Despite our late start to planting, we were able to get all our soybeans planted by June 4, a week after we finished planting corn. The cover crops were terminated with herbicide shortly after planting. So far, we are very happy with crop emergence and the stands we are seeing.

The moisture we have in our soils that delayed planting, combined with very high temperatures, above 32°C, or 90°F, in early June, caused the soybeans to emerge quickly, and they look good.

Based on what we’ve seen so far, we are also pleased with how the strip-till machine we built has impacted early season corn growth. We strip-tilled about 80% of our 607 hectares, or 1,500 acres, of corn. The machine placed fertilizer right where the corn could easily reach it as it germinated and emerged. We now have corn that is 20 to 25 cm, or 8 to 10 inches, tall, and that is nearly twice as tall as corn planted about the same time without being strip-tilled. We have been side-dressing the fields that weren’t strip-tilled with additional nitrogen. We will continue to monitor the crop and consider how strip-tillage influences it throughout the growing season. So far it is looking like a sound investment in sustainability. If these signs turn into results at the end of the year, we will consider how we can improve our machine next year.

Our wheat also looks very good. The grain heads have emerged and are filling out. The first weekend of June, my son Rodman applied fungicide to protect grain quality from head scab. The bit of rain that we received the second week of June will help the heads fill out well. The wheat will likely be ready to harvest around the second week of July.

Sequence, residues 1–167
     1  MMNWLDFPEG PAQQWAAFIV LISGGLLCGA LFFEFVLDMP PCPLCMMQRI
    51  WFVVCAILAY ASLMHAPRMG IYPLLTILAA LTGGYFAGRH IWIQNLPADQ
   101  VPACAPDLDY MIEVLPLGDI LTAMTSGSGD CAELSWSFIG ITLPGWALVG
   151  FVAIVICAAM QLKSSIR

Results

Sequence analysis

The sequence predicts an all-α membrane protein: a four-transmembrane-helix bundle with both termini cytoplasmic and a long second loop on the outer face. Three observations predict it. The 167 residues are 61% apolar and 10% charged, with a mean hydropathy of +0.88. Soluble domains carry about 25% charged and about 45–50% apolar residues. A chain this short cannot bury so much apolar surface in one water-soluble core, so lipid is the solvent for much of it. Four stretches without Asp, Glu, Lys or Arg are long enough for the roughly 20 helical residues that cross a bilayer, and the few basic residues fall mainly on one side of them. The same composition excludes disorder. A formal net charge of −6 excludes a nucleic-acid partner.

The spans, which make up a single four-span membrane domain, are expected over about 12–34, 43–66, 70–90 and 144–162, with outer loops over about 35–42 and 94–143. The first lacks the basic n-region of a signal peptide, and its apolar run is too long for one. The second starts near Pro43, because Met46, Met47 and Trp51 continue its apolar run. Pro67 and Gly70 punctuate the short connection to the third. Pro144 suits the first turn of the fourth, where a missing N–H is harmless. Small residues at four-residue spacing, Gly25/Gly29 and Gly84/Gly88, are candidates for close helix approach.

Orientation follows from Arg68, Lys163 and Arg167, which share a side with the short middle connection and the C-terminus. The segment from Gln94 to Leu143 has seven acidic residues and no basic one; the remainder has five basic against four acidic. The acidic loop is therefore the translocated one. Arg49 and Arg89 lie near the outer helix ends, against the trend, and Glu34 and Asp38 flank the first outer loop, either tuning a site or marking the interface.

The next step in caring for our crops will be in-season weed control. The burndown herbicide for cover crops also helped control early season weeds. Rodman sprays our herbicides, and he is scouting and monitoring the fields to see what weeds emerge as the season progresses. We didn’t include residual herbicides with the initial burndown, so we expect that all our soybean and corn fields will need weed control. However, we will decide what herbicides to use based on the weed problems that show up over the next few weeks.

In the meantime, I continue hauling corn to the local feed mill, caring for cattle, and participating in industry meetings. It’s a really good feeling to have all the crops planted and growing well, allowing me to focus on overarching soybean industry issues in both New York State and the U.S. I am attending meetings in-person at both the state and national levels that support efforts to help all soybean farmers provide reliable, sustainable, high-quality soybeans and soy products to customers around the world.